Monday, May 13, 2019

Study Refutes Trump's Claim That USPS Loses Money on Amazon

An independent government watchdog today seemingly refuted President Trump’s claims that the U.S. Postal Service loses “a fortune” on a sweetheart deal with Amazon.

The USPS Office of Inspector General released a study indicating that the Postal Service’s growing practice of entering into customized contracts with package shippers is paying off.

“The number of these 'Negotiated Service Agreements' (NSAs) has increased from 66 in fiscal year (FY) 2012 to more than 1,000 in FY 2018,” the report says. “In FY 2017, only five contracts lost money, down from 14 the previous year.”

“The Postal Service’s largest NSAs contribute the most financially.” The few money-losing contracts have been “mostly low-volume NSAs,” the report says, and the USPS and Postal Regulatory Commission typically take action to fix or terminate those deals.

NSAs are “solidly profitable” and “perform strongly for the Postal Service,” the Inspector General’s report states. The watchdog agency has often criticized the Postal Service severely on other matters.

The report was heavily redacted – enough to put even Attorney General William Barr to shame – to avoid any public mention of specific customers or any revelations that would help the USPS’s private-sector competitors.

But it clearly suggests that the Postal Service is making a profit on such major “Parcel Select” customers as Amazon, FedEx, and UPS.

Though there are only 24 Parcel Select NSAs, the report indicates that they have as much volume and generate more revenue and profit than any of the other four types of domestic-shipping NSAs.

“Parcel Select is generally used by consolidators and large shippers who can presort packages and drop them off by the truckload at postal facilities that are close to the final destination, paying a lower rate based on how close they get the packages to their delivery point. The Postal Service takes the packages the ‘last mile’ and delivers them to their ultimate destination,” the report explains.

In other words, because these shippers handle everything except for the last mile, they are profitable for the Postal Service even though they pay less than does someone who drops off packages at her local post office for delivery in another state.

Parts of the report were heavily redacted.
“NSAs are a tool to better meet customer needs when some aspect of the Postal Service’s off-the-shelf offerings does not,” the report says. Private-sector competitors have similar practices:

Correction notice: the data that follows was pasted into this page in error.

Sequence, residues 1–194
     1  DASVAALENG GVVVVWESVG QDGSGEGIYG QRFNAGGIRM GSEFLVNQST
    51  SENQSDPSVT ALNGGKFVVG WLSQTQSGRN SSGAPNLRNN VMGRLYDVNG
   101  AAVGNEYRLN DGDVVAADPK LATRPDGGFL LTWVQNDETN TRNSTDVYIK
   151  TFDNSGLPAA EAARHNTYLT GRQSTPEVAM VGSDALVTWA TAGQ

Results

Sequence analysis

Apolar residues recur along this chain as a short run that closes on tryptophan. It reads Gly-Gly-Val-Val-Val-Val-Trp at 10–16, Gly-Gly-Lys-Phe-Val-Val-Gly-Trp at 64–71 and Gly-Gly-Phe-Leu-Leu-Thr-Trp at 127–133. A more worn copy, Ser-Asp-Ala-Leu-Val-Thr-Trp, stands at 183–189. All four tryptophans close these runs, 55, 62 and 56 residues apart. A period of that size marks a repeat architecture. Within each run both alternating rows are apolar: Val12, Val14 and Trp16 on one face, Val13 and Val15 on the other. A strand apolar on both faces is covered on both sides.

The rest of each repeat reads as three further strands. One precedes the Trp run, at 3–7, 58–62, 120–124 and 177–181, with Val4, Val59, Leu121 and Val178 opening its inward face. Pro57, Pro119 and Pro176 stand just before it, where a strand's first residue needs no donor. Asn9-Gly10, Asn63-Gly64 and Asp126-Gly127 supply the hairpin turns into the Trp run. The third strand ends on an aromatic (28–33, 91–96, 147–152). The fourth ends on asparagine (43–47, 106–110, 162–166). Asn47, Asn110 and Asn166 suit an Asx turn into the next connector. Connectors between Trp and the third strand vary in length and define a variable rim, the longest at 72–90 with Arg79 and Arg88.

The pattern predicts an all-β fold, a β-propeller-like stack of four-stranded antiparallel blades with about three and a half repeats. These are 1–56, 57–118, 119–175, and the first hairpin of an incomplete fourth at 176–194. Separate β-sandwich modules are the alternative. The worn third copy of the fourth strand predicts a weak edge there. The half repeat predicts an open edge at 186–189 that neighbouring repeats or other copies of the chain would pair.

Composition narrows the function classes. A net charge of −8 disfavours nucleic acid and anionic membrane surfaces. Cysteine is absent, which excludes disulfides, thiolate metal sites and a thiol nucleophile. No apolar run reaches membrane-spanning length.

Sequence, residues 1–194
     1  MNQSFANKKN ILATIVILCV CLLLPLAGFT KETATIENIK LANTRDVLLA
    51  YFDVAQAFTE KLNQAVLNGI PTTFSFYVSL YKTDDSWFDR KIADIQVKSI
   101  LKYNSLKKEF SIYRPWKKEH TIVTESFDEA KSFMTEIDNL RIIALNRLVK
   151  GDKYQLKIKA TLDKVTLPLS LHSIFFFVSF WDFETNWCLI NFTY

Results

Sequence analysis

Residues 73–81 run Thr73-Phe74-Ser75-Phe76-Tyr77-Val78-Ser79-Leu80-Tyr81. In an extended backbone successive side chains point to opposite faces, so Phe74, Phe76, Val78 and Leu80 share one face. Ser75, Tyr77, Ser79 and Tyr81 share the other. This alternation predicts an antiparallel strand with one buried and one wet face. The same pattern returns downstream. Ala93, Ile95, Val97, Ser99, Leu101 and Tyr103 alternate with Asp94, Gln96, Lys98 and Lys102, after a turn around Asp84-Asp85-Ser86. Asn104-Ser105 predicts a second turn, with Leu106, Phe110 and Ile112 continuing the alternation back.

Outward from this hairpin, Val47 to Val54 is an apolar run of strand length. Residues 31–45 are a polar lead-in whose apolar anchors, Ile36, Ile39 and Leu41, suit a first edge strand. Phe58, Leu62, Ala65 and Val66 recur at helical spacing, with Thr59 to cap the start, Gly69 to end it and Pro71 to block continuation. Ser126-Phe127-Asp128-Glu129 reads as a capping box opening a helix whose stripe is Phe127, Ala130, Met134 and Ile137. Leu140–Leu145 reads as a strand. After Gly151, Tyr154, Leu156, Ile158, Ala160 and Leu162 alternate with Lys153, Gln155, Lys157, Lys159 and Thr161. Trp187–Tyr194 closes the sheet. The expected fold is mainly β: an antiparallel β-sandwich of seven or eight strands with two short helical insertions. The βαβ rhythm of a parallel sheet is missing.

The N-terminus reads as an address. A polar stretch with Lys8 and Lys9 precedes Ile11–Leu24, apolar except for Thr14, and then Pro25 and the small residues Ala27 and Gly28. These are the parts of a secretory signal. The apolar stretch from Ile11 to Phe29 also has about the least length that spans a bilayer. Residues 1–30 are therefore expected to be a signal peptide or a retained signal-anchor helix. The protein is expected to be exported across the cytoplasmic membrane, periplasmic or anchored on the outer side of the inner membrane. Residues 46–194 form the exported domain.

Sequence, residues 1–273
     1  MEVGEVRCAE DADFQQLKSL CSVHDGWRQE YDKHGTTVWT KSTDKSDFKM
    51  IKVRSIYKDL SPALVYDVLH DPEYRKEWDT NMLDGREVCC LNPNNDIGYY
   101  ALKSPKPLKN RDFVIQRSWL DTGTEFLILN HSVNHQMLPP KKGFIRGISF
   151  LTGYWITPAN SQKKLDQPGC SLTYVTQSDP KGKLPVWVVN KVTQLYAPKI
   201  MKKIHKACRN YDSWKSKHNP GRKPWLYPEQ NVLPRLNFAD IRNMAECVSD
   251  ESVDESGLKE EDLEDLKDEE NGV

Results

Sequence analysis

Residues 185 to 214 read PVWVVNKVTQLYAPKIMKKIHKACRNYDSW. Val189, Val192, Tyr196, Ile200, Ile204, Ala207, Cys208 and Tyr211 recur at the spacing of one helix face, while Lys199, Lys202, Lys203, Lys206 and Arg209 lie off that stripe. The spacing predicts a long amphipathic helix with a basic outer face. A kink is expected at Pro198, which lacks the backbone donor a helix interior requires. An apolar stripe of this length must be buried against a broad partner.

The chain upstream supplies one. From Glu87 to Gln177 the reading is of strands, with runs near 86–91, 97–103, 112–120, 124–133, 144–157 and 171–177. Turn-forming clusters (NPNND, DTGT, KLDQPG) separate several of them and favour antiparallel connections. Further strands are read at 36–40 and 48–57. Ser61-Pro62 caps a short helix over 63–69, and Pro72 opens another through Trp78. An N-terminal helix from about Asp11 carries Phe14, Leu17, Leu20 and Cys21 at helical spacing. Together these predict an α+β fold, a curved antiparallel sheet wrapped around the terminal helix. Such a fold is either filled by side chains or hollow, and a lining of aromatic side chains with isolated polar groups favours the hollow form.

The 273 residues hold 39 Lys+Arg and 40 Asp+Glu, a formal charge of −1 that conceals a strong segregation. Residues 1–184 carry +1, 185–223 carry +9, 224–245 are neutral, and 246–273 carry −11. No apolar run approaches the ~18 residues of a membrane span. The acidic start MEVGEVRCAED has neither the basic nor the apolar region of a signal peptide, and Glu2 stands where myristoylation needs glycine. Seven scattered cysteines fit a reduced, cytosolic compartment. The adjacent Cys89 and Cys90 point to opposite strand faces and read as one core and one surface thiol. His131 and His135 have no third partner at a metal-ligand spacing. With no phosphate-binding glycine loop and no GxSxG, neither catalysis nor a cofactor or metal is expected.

“Most carriers offer discounts to certain classes of clients, such as new customers or high-volume shippers. As a result, carriers can charge very different prices for delivering the same package to the same destination.”

“Many NSAs bring in new customers that were previously shipping with another carrier,” the report says. “So long as those deals cover their costs, any product-level profits they generate would improve the Postal Service’s bottom line because the profit is based on new volume.”

But when a customer already does most of its shipping with the Postal Service, an NSA may reduce prices in a way that makes the customer less profitable, the report notes.

The report doesn't address whether the Postal Service's cost-accounting practices are keeping pace with the rapid growth in package delivery or are accurately measuring the cost of such deliveries.

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Tuesday, May 7, 2019

Justice Department Seems "Open-Minded" on Quad-LSC Deal

A printing-industry expert believes the federal officials who questioned him about the proposed merger of printing giants Quad and LSC Communications are unlikely to “rubberstamp” the deal.

“They were pretty open-minded,” said the expert, who was recently interviewed by a team from the U.S. Justice’s antitrust division. Although they kept their cards close to the vest, he says, they seemed genuinely interested in understanding claims that the two companies would have several monopolies or near-monopolies in what at first blush looks like a highly fragmented industry.

The printing expert, whom I know to be a reliable and knowledgeable source, spoke to Dead Tree Edition on condition of anonymity.

Silent publishers
Justice’s apparent open-mindedness comes despite no public opposition from publishers or other printing customers.

A publishing company executive tells me that a paper company contacted him in March as part of an effort to get publishers to object to the deal. It found that publishers were reluctant to speak up for fear of angering two key suppliers, he was told. (Also, it’s hard to get senior executives at magazine-media companies these days to even think about printing or anything else that’s not new and shiny.)

The printing expert mentioned to the Justice team the case of Verso and NewPage, two paper giants that Justice allowed to merge in 2015 on condition that NewPage first divest two mills.

At least one member of the Justice team was familiar with that case and indicated the same tactic had not been ruled out in the Quad-LSC case, the expert said.

The expert’s observations are in contrast to recent speculation from Peter Schaefer, a veteran of printing-industry mergers and acquisitions.